Afghan Exit Worries Garbarino


The specter of September 11 haunts the national security establishment. As a member of the Committee on Homeland Security, freshman Congressman Andrew Garbarino (R–Sayville) has access to classified information on threats to the United States. The exit last month of the last American troops from Afghanistan has him worried.

Here are parts of an interview Anton Media Group recently held with Garbarino, whose 2nd District covers the south shore of both Nassau and Suffolk counties.

“Our main goal right now is still working on getting people out that we should get out,” he said. “We’re still dealing with people in our district—and I know that a lot of my colleagues are still dealing with citizens or green card holders that are trying to get out. So we’re making sure that gets done.”

None of your constituents are still stuck in Afghanistan waiting to get out?
The last citizen [from my district] got out, but we still have family members of constituents who are still there.

And they’re asking for help from your office?
Yes. A lot. We’ve had more requests than I thought we would.

What can your office do?
We work with the State Department to make sure that they’re in contact with the people who are over there to get them out and everybody has their paperwork in.

What prompted you to comment on faraway Afghanistan?
We all know what happened 20 years ago with 9/11 and where a lot of those terrorists were trained. What happens over in Afghanistan definitely has an effect on what happens in the United States, especially with the possibility of terrorists coming back and attacking our homeland once again. Even though Afghanistan is halfway across the world, we still need to worry about it in relation to our homeland security here.

In what ways?
With the Taliban in charge they’re going to be printing documents [such as passports or visas]. My concern is not having people with bad designs flying in from Afghanistan directly into the U.S.—I think we have a pretty good system in place to prevent that. My concern is with the way people are getting across the border, where someone can fly into a South American or Central American country and cross over [our southern border]. When I visited the border and met with the chief of patrol of the El Paso district—the same chief who met with the vice president [Kamala Harris] when she went down—she told us they’re not just detaining people from Mexico and Central America and South America. They’re detaining people from Southeast Asia and Middle East. That’s a lot of people who are trying to get across that way.

Wouldn’t border agents be able to screen such people?
They’re coming across the miles and miles of unfenced and unsecured borders.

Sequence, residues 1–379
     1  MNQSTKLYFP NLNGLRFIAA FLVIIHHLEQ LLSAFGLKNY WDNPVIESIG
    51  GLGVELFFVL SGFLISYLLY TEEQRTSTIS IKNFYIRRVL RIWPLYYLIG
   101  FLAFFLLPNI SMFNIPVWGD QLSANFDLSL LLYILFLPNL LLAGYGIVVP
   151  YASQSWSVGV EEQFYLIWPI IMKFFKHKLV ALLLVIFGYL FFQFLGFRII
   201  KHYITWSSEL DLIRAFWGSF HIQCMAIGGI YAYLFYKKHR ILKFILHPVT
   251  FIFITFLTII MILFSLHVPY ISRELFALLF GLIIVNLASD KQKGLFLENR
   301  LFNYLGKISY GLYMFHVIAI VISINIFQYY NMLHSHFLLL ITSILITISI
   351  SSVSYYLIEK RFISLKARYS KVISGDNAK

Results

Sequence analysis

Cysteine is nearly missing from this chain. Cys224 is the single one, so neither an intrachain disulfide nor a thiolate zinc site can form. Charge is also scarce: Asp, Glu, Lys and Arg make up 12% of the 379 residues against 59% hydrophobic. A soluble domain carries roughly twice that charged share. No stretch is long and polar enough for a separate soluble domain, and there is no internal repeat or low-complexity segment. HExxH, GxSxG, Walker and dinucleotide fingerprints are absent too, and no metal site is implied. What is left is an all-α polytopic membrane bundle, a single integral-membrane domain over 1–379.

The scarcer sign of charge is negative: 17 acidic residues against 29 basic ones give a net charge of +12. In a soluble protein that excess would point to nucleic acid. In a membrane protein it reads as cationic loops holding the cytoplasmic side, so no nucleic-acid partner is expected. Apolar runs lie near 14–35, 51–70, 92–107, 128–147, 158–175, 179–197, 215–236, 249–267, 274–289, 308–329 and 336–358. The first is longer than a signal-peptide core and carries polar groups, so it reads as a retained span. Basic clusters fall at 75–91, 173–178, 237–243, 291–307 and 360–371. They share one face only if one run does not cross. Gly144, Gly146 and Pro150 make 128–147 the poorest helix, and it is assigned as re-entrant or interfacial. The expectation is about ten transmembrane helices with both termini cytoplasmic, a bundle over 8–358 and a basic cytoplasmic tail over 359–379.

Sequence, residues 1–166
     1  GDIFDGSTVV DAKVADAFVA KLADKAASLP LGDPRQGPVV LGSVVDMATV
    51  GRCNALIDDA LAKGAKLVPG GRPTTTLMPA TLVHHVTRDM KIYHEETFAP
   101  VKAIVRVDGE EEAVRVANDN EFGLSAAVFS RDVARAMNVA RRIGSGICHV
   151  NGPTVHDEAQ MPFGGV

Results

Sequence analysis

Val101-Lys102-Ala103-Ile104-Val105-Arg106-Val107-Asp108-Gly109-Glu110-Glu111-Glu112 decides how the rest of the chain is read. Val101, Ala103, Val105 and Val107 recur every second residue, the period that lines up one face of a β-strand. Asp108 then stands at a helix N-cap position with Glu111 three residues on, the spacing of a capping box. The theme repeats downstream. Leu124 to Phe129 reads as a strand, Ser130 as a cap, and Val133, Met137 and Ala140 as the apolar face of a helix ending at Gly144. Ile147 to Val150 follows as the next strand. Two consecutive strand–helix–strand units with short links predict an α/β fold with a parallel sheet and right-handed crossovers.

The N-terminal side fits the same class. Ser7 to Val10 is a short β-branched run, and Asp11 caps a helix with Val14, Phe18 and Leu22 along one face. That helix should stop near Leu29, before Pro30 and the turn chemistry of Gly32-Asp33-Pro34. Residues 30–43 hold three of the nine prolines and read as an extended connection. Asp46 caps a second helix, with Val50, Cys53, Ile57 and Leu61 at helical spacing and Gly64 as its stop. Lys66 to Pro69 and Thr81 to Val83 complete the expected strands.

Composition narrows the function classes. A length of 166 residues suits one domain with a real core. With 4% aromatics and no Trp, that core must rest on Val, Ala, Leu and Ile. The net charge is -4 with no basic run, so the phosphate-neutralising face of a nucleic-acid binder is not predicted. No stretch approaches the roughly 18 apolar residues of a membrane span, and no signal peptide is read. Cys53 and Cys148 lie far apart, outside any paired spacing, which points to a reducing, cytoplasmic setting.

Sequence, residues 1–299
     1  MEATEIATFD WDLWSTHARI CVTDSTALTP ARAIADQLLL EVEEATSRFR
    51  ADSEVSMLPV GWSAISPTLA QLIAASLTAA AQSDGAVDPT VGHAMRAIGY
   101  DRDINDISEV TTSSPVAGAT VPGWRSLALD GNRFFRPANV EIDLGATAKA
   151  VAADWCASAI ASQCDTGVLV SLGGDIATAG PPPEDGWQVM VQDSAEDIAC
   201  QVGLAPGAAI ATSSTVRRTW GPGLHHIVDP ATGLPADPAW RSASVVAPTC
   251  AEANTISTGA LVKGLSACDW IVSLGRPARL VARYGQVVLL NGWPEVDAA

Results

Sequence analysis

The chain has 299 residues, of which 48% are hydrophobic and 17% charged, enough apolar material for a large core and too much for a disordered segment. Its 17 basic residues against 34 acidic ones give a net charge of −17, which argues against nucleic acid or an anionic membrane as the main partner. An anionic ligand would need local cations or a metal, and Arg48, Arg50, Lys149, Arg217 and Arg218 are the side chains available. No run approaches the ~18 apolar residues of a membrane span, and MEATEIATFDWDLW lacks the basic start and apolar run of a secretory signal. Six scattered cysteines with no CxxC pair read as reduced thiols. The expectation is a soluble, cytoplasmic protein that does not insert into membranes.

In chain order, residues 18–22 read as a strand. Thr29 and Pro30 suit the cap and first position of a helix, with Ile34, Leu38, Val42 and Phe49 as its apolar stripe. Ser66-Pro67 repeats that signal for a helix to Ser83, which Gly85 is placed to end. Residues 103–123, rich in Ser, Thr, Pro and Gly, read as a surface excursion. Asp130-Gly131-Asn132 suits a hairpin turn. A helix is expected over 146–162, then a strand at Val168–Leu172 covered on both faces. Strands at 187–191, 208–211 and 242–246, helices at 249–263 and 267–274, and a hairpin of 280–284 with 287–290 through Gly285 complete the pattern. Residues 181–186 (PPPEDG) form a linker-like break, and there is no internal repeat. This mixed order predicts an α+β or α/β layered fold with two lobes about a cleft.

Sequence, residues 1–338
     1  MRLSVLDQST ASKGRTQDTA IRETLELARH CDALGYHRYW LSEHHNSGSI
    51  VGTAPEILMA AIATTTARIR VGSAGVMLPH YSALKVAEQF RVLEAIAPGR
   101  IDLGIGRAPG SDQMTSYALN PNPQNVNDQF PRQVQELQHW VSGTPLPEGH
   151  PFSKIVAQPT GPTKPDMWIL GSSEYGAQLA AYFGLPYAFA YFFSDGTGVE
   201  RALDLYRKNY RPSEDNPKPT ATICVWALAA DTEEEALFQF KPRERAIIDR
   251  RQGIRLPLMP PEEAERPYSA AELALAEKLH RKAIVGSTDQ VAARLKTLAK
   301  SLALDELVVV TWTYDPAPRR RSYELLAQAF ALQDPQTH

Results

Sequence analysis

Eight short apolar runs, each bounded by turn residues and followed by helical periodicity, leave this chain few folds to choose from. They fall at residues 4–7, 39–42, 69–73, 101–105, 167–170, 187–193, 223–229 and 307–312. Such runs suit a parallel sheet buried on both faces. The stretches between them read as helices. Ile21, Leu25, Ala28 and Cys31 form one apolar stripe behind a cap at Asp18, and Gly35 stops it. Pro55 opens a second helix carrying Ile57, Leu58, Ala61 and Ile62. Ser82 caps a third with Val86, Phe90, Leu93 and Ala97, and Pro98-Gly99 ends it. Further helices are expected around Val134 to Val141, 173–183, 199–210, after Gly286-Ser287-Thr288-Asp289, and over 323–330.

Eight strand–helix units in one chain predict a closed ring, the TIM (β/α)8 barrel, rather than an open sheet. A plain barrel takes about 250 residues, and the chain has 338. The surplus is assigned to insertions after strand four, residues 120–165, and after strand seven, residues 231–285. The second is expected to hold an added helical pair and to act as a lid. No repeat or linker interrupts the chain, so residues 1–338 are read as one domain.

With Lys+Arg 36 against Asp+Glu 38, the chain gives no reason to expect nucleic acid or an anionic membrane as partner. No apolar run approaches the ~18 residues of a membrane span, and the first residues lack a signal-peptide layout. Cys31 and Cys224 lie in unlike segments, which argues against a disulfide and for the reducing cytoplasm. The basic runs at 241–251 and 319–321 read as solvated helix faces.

Do you agree with former President Trump and now President Biden that it was time for the United States to leave Afghanistan, that we were pouring money and losing lives needlessly?
I don’t think we should have pulled out and what happened was terrible. It was completely botched and mismanaged. We still have American citizens there and allies and Afghans who helped us in our 20 years—that just shows that the pullout was botched. I wasn’t in Congress when the decision was made under former President Trump to pull out and I know that there were people in Congress that did not support the decision then. I don’t understand why we had to pull out completely. I think we should have maintained the bases like we have in Korea and Germany and Japan. We have bases all over the world. We gave up our one base in the region [Bagram] and I think that was a mistake. If there are any terrorist actions going on or terrorist training facilities we need to go and get them. We don’t have the ability to man that mission from our base in Afghanistan anymore. I wasn’t around last year and I din’t have the briefings I have now, but I think it was a mistake to give up our base.

President Biden talked about an over-the-horizon ability to attack if there is a resurgence of Al Quaeda and other terrorist camps and activities. The Taliban has to gain legitimacy with the Afghan people and international community. Do you think they’ll tolerate having terrorists within the country?
They did 20 years ago [when they were last in power], when we had Al Quaeda and 9/11. I don’t have too much faith in [the Taliban] preventing attacks. I understand that they need legitimacy because that will [get them] aid from the IMF and World Bank. I just don’t know if they have the ability. They haven’t shown that in the past.

Congress gave then-President George W. Bush authorization to conduct a global war on terror in 2001. Should that authorization be rescinded and what is your view of Congress and war?
It seems to have given up its constitutional prerogative to declare war and given presidents a free hand in conducting military operations.

Right now the authorization is still in effect for Afghanistan. The president still has the authority in Afghanistan to fight the war on terror. As far as [the constitution] the president can’t declare war on another country without Congress. Just like any [approval of] treaties and any appropriations of funds also have to pass through Congress. So we are a co-equal branch of government. As commander-in-chief he does have command of the armed forces, but he just can’t go to war with anybody without Congress willing to authorize it. If there are any actions that need to happen in Afghanistan, those powers are still there. But again, not having a base there makes it very difficult.

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